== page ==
Through Viewpoint's ZoomView technology, the organization is able to enhance the online images, showing the greatest detail at the smallest file sizes possible. "It was an easy, two-minute process to covert about 100gb of images to the ZoomView format, which was done through Adobe's Photoshop," says Aaron Traub, Internet director. So far, the group has converted about 5000 images.
"The images really show the human experience," Traub says. "When people ask others what it was like to live through that day in Manhattan, they sometimes just reference an image online. It shows what people didn't see that day—the details, the faces of the people. For some, it's cathartic.
"We've received an influx of unsolicited.. e-mails from users of the Web site, some saying they've even found themselves in photographs," Traub continues. He notes that the Federal Emergency Management Agency has used the online gallery to help re-create events from the day, while New York firefighters and others have e-mailed the organization to say the gallery has helped them emotionally connect with what had happened that day. People have even left messages saying they spotted someone they knew in a photo while searching the site for a lost friend, he adds. —KM
ZoomView, Viewpoint; www.viewpoint.com
|Through ZoomView, Internet users can see these highly detailed photos.
A new approach to lighting the live performance of an actor and compositing him or her into a real or virtual set has been developed by a team led by Paul Debevec at the University of Southern California's Institute for Creative Technologies. The process, designed to precisely replicate the illumination of an actor in virtually any desired environment, entails having the person perform inside a so-called Light Stage, a large sphere containing 156 inward-pointing, red-green-blue light-emitting diodes, each of which can be set to a desired color and intensity. A digital infrared matting system is then used to composite the actor into the background plate. The photos show a model inside the Light Stage (left), illuminated with an accurate simulation of the lighting in San Francisco's Grace Cathedral (bottom, left), and after she was composited into the background with the matting system (below). Movie clips made using Light Stage can be seen at http://www.-debevec.org/-LS3. —PL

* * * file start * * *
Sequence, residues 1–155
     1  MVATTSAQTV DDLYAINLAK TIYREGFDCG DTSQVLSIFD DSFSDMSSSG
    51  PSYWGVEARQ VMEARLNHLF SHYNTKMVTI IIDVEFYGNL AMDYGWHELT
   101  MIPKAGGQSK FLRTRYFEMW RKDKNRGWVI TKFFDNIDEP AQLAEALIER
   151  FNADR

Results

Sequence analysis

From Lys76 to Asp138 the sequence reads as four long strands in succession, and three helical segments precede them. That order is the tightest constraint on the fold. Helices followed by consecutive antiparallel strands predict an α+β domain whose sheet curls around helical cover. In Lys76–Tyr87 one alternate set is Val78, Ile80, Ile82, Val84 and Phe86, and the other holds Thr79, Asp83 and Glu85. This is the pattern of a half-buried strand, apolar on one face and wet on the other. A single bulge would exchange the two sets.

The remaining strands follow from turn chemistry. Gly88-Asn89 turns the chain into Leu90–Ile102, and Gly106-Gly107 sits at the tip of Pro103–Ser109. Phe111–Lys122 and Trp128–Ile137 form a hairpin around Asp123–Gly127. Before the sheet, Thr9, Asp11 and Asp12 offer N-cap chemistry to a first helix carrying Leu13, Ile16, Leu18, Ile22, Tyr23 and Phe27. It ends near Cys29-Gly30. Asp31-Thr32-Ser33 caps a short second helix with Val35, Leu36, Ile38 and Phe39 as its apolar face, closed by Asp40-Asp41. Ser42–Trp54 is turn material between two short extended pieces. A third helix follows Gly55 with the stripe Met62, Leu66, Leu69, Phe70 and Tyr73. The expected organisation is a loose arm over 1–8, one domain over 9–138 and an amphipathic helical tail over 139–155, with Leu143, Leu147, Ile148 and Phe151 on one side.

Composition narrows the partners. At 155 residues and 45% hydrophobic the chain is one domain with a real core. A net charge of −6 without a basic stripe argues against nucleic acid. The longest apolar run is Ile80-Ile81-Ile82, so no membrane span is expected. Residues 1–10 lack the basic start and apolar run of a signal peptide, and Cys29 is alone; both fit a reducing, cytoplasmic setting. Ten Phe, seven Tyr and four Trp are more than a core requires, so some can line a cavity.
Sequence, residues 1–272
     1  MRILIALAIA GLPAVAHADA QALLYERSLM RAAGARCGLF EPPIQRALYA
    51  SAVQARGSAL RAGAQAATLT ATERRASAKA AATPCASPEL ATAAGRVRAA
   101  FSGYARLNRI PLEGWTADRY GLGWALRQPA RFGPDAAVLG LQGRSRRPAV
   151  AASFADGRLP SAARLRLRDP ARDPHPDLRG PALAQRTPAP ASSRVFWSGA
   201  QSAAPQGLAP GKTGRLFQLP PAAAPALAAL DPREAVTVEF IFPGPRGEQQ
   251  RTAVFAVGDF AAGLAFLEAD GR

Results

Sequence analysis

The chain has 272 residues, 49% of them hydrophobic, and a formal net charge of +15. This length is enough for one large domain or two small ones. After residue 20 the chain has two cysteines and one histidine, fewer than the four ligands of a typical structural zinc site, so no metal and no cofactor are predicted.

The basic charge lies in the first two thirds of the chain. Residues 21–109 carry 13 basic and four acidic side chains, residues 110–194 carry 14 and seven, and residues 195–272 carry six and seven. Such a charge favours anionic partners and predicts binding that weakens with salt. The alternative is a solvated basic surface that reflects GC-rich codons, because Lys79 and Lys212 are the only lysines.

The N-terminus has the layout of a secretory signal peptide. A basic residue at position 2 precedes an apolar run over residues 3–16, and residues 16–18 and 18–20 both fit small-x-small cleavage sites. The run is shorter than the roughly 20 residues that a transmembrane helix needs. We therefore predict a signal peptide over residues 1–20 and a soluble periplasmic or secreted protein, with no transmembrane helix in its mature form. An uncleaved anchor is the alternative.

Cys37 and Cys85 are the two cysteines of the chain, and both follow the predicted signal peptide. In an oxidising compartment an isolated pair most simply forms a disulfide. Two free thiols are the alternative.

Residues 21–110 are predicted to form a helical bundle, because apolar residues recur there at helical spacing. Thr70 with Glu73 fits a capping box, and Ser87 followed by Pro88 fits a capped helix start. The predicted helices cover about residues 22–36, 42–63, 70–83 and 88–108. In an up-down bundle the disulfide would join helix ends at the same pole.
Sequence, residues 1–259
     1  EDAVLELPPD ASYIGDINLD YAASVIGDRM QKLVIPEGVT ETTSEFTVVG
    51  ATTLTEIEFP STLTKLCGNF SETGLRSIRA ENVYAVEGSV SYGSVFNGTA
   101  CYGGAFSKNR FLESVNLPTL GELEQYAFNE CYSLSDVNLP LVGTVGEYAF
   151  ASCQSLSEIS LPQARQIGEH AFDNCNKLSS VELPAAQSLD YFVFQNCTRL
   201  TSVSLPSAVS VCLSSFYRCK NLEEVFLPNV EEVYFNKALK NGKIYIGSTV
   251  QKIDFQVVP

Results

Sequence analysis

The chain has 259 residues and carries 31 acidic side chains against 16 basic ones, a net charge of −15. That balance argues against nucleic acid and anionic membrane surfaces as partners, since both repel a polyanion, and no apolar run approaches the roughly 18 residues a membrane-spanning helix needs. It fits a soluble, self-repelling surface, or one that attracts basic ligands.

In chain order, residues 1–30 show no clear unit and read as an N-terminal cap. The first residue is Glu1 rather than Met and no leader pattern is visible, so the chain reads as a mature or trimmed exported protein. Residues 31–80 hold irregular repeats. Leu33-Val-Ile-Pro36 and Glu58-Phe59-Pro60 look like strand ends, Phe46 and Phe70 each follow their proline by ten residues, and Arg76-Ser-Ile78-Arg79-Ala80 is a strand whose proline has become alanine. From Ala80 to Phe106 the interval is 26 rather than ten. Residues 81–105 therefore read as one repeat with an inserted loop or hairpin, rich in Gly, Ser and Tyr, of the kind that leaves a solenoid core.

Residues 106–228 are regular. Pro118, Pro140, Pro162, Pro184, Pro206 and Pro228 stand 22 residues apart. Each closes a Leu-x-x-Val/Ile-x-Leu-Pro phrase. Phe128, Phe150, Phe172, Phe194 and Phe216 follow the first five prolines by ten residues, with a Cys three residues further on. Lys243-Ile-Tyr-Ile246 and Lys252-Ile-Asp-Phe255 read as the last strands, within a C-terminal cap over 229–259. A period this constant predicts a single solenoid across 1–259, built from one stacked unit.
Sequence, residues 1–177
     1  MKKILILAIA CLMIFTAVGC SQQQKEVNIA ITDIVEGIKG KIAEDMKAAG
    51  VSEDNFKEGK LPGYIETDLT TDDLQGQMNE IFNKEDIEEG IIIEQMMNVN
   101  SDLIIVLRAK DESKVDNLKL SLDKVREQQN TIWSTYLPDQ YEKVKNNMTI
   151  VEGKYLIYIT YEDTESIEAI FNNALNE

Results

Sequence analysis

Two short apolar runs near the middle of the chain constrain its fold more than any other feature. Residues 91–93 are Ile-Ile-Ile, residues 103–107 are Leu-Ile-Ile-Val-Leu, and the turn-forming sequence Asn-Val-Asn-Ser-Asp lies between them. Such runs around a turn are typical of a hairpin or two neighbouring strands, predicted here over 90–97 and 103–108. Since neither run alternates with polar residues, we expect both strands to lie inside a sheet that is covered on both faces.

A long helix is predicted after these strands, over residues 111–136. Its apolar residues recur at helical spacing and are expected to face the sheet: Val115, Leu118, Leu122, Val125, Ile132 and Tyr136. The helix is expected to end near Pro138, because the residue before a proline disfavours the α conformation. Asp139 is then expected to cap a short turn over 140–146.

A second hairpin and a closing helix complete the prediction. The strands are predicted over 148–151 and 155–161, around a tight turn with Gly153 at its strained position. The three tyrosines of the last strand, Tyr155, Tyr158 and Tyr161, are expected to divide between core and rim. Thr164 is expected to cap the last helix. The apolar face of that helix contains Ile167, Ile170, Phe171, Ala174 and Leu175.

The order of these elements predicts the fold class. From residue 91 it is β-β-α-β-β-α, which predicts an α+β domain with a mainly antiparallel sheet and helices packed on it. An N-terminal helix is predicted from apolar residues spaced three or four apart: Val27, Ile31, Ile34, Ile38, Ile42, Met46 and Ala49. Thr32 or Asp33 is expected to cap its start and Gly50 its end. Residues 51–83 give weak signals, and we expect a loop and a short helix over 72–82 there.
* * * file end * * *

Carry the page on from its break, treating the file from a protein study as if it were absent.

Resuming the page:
A new interactive display device developed by researchers at the MIT Media Lab could redefine window shopping as we know it. The new technology enables knocks or taps to be characterized by type and localized to within 2 to 4 square cm across a 4-square-meter glass surface. The device contains an array of acoustic pickups that detect where and how people tap on the window. Interactive projected graphics are then mapped onto the glass according to input from users. The research team, led by Joseph Paradiso, tested the concept by installing the Interactive Window device on the main display window of an American Greeting store near Rockefeller Center in Manhattan (above), allowing passersby to interact with information about the store's products simply by knocking. —PL
The Nvidia Quadro4 900XGL graphics card edged out 3Dlabs' Wildcat III 6110 in the latest SPEC/GPC Lightscape benchmark tests. Both cards in the top two positions were paired with a 2.8GHz IBM M Pro workstation. For information about the Lightscape benchmarks, visit the SPEC/GPC Web site at www.spec.org/gpc.
(Redmond, WA) has acquired game developer Rare (Warwickshire, UK) for $375 million. Rare will develop game titles for Microsoft's Xbox... Game developer Factor 5 (San Rafael, CA) has released the DivX for GameCube SDK, which allows developers to use DivX formatted video cinematics in GameCube titles.
Siggraph 2003 Call for Participation
The Siggraph 2003 Conference Committee is now accepting submissions for papers, panels, courses, and more for the next annual Siggraph conference and exhibition. The event will take place in San Diego, California, from July 27 to 31. For information on how to place submissions, visit www.siggraph.org/s2003/cfp/index.html.